A Clash of Kings #13 Review

George R.R. Martin’s globally recognised epic A Song of Ice and Fire continues in the latest instalment of the comic book equivalent to A Clash of Kings.

The official adaptation by Dynamite Entertainment of the second book in the series started in June last year. The comic book series is adapted by Landry Q Walker, with the artwork coming from Mel Rubi and colouring from Ivan Nunes.

A Clash of Kings takes place after the events of A Game of Thrones, where Westeros finds itself amid civil war. The death of King Robert Baratheon means his son Joffrey and brothers Renly and Stannis all hold claim to the throne. All while Robb Stark is the professed “King of the North”, and Balon Greyjoy remains king of the Iron Islands.

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Image result for A Clash of Kings #13
Images from ‘A Song Of Ice And Fire’

In issue #13 we find ourselves following the story through the eyes of Theon Greyjoy and Tyrion Lannister.

Theon Greyjoy, heir to the Seastone Chair, is on his way to the Iron Islands to receive his father’s plans. Upon his arrival, he meets a sharp-witted wench whom he has an instant liking to. He is hoping for an heirs welcome but things don’t go exactly as planned. Giving him a new meaning to the ever famous saying, “what is dead may never die”.

Tyrion Lannister, youngest son of Lord Tywin Lannister, finds himself as the acting Hand of the King. This puts him in a powerful position to pull strings from the front line, with what is essentially the power of a king. He now has a voice and the respect he craves after being commonly referred to as The Imp. Tyrion has a liking to this title and will do whatever it takes to keep his seating on the throne.

Image result for A Clash of Kings #13
Images from ‘A Song Of Ice And Fire’

As is the case with most fans of George R.R Martin’s work, my first encounter with the A Song of Ice and Fire series was with HBO’s Game of Thrones TV show. After watching the first few seasons, I held off catching up with it to check out the original source material. Because of this I found myself having to rewatch the earlier seasons just to get back into the TV show’s timeline.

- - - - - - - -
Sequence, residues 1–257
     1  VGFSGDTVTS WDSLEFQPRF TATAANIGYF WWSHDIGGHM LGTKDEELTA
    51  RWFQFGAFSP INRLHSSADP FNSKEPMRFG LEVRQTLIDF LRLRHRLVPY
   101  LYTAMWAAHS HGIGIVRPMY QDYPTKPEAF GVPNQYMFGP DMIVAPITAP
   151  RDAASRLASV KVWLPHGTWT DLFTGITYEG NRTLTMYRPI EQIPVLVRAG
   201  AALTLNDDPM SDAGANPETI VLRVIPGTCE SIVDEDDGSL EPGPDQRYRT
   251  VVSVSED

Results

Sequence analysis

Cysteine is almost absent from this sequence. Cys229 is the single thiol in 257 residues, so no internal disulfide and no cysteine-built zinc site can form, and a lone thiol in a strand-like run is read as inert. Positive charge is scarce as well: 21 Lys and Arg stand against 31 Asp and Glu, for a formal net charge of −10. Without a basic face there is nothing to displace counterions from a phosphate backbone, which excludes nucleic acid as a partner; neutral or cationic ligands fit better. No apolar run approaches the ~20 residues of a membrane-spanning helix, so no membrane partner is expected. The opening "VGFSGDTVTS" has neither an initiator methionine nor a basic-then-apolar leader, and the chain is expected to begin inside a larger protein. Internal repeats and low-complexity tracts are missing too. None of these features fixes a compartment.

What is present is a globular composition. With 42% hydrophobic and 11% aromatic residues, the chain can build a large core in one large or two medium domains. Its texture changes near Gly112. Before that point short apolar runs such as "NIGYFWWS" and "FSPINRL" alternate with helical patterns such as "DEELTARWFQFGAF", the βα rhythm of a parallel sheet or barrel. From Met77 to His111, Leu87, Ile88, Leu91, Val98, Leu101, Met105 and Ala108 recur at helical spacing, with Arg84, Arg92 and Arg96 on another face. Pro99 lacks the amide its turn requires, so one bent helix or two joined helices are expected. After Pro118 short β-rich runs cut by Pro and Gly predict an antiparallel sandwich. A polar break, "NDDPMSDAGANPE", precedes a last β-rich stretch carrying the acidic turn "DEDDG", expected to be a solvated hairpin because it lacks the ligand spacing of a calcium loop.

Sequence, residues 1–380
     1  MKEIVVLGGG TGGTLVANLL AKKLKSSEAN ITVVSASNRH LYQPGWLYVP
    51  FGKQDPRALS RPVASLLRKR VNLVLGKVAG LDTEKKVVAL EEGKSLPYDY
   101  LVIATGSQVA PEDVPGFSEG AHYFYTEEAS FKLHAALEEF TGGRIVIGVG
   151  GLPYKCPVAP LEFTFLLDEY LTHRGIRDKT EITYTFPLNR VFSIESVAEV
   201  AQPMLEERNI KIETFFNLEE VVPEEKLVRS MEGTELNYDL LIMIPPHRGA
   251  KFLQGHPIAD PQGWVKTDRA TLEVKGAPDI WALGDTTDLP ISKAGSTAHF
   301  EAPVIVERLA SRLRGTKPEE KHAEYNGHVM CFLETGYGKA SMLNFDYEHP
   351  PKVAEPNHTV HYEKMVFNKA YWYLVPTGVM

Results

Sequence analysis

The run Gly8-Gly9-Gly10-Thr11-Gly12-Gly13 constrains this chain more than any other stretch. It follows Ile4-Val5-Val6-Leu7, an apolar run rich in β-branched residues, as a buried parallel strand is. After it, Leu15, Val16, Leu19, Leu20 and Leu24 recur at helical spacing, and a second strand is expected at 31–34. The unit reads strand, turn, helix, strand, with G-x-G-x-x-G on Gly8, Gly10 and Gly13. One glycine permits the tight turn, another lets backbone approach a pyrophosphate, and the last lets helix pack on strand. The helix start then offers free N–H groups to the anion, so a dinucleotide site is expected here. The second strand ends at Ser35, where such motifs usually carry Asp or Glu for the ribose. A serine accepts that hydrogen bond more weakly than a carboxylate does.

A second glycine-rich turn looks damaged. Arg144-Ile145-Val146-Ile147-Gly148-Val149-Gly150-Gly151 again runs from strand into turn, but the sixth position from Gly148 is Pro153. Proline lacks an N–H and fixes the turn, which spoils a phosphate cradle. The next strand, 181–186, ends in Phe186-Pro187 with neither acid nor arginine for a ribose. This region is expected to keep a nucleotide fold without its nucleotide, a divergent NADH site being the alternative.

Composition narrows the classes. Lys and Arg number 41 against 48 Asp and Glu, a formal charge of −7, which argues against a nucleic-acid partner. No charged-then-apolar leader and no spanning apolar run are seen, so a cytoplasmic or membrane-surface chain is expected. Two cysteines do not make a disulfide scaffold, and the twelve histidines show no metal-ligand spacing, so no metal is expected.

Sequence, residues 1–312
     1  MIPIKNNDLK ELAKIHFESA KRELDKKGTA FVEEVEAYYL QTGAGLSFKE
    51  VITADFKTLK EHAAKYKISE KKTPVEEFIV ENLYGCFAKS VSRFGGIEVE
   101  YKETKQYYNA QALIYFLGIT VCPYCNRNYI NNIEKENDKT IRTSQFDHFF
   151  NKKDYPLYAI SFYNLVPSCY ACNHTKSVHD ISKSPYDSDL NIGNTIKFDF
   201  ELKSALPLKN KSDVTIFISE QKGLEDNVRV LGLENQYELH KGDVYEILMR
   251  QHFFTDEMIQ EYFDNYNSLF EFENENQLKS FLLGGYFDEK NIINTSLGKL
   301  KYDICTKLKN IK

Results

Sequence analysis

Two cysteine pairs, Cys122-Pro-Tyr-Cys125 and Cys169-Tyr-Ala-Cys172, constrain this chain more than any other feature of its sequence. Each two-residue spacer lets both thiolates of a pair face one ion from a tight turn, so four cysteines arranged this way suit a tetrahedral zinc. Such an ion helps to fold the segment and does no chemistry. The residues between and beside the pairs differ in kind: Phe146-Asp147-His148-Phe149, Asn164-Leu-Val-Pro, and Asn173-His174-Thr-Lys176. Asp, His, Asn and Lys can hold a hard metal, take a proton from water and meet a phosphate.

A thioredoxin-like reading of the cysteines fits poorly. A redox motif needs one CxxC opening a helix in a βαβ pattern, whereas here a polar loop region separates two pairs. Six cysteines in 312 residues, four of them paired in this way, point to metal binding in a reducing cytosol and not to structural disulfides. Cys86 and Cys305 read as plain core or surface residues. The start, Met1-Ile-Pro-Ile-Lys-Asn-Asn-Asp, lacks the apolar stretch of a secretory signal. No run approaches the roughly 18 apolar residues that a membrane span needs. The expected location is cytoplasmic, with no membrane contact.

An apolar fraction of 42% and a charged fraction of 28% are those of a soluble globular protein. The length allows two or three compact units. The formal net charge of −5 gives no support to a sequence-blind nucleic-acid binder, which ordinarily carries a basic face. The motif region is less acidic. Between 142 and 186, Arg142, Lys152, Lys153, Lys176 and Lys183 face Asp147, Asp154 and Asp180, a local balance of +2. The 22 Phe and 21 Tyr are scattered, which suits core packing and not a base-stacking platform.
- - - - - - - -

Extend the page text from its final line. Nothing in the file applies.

Landry Q Walker’s adaptation is true to the sequence of events of the TV show. Thanks to this, A Clash of Kings serves as the perfect way to recap the series. With the release of season 8 next year it is a great way to catch up with the earlier seasons, especially if you’re late to the GoT party.

On the other hand, I would’ve preferred a new story adding to the lore of the Seven Kingdoms of Westeros. Or even an alternate take on the events of the TV show, like the Star Wars novelisations and comic books.

Image result for A Clash of Kings #13
Images from ‘A Song Of Ice And Fire’

Mel Rubi and Ivan Nunes have done brilliant work in the pencilling and colouring department. Giving a more realistic take to the characters and locations of Westeros. This compliments and suits the overall nature of the intertwining, dialogue intense storylines of the books. Especially as new characters are regularly introduced without much backstory.

Rubi and Nunes have also done well to differentiate between the different locations the characters are based in. Subtleties in diverse light and weather conditions help to place characters in Westeros. This is a good way to bring the look of the locations to life, without needing to physically spell it out.

THE GOOD
• Faithful adaptation of the source material.
• Character development and dialogue.
THE BAD
• Difficult to follow narration and speech within the panels in places.
7
Good

Review Summary

If you like the Game of Thrones TV show or the books, then you should be Valar Dohae-reading this.

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Ahmed Lulat

Covers all things nerdy, which if you're reading this, makes perfect sense. When he isn't raging on the PlayStation, you can catch him following the mighty Liverpool FC and re-watching Scrubs for the umpteenth time.

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